Taxation and Innovation in the 20th Century

125 Pages Posted: 17 Sep 2018 Last revised: 5 Apr 2021

See all articles by Ufuk Akcigit

Ufuk Akcigit

University of Chicago - Department of Economics; National Bureau of Economic Research (NBER); Center for Economic and Policy Research (CEPR)

John Grigsby

University of Chicago

Tom Nicholas

Harvard University - Entrepreneurial Management Unit

Stefanie Stantcheva

Harvard University - Department of Economics

Multiple version iconThere are 3 versions of this paper

Date Written: September 2018

Abstract

This paper studies the effect of corporate and personal taxes on innovation in the United States over the twentieth century. We build a panel of the universe of inventors who patent since 1920, and a historical state-level corporate tax database with corporate tax rates and tax base information, which we link to existing data on state-level personal income taxes and on other economic outcomes. Our analysis focuses on the impact of personal and corporate income taxes on individual inventors (the micro level) and on states (the macro level), considering the quantity and quality of innovation, its location, and the share produced by the corporate rather than the non-corporate sector. We propose several identification strategies, all of which yield consistent results. We find that higher taxes negatively impact the quantity and the location of innovation, but not average innovation quality. The state-level elasticities to taxes are large and consistent with the aggregation of the individual level responses of innovation produced and cross-state mobility. Corporate taxes tend to especially affect corporate inventors’ innovation production and cross-state mobility. Personal income taxes significantly affect the quantity of innovation overall and the mobility of inventors.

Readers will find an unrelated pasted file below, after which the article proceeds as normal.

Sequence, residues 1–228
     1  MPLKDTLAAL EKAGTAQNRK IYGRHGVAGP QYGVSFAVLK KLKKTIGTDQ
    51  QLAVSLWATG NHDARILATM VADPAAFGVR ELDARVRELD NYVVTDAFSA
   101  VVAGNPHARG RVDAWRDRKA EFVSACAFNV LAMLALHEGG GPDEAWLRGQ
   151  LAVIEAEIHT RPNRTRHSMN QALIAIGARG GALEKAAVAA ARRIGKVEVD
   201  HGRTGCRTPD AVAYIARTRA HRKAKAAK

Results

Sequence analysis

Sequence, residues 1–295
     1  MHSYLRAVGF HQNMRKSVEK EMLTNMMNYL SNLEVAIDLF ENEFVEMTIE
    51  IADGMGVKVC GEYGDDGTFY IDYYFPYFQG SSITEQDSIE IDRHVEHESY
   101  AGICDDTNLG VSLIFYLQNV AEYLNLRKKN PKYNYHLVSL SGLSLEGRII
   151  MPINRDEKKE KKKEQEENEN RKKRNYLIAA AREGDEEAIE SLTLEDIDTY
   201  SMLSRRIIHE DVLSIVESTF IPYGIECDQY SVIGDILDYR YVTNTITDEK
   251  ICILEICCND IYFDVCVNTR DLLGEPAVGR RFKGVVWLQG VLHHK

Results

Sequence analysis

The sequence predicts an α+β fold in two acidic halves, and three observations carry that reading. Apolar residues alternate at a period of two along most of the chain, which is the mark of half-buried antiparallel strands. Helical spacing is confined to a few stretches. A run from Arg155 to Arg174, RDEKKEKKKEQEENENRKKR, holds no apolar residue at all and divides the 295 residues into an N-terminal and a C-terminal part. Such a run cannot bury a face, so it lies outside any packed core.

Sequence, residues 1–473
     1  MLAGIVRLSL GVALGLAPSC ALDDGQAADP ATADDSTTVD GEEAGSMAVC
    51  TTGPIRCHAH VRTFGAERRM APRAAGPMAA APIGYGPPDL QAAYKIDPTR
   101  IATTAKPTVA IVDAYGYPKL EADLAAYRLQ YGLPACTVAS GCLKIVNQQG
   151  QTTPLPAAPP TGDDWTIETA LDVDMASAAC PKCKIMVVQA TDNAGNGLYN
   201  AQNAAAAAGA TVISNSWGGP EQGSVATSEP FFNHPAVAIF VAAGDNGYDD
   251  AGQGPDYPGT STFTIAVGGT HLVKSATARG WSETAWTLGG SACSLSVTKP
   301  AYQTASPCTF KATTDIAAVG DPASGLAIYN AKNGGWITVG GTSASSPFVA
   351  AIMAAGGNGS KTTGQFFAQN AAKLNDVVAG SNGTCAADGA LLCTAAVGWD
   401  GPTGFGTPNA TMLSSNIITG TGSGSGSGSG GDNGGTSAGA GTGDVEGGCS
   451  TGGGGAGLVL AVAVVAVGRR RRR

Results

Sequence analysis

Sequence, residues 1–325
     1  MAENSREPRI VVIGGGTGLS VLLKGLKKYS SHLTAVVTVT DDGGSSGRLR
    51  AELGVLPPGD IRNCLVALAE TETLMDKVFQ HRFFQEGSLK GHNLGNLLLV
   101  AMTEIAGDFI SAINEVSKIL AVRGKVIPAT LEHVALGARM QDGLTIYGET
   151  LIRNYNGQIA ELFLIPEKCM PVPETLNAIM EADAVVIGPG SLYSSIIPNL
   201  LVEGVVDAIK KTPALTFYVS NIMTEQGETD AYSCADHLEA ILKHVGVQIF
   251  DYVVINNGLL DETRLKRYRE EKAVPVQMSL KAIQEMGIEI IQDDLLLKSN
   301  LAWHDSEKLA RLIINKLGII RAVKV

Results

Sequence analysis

Suggested Citation

Akcigit, Ufuk and Grigsby, John and Nicholas, Tom and Stantcheva, Stefanie, Taxation and Innovation in the 20th Century (September 2018). NBER Working Paper No. w24982, Available at SSRN: https://ssrn.com/abstract=3246779

Ufuk Akcigit (Contact Author)

University of Chicago - Department of Economics ( email )

1126 E. 59th St
Chicago, IL 60637
United States

HOME PAGE: http://www.ufukakcigit.com

National Bureau of Economic Research (NBER) ( email )

1050 Massachusetts Avenue
Cambridge, MA 02138
United States

Center for Economic and Policy Research (CEPR) ( email )

London
United Kingdom

John Grigsby

University of Chicago ( email )

Tom Nicholas

Harvard University - Entrepreneurial Management Unit ( email )

Cambridge, MA 02163
United States

Stefanie Stantcheva

Harvard University - Department of Economics ( email )

Littauer Center
Cambridge, MA 02138
United States

HOME PAGE: http://scholar.harvard.edu/stantcheva/home

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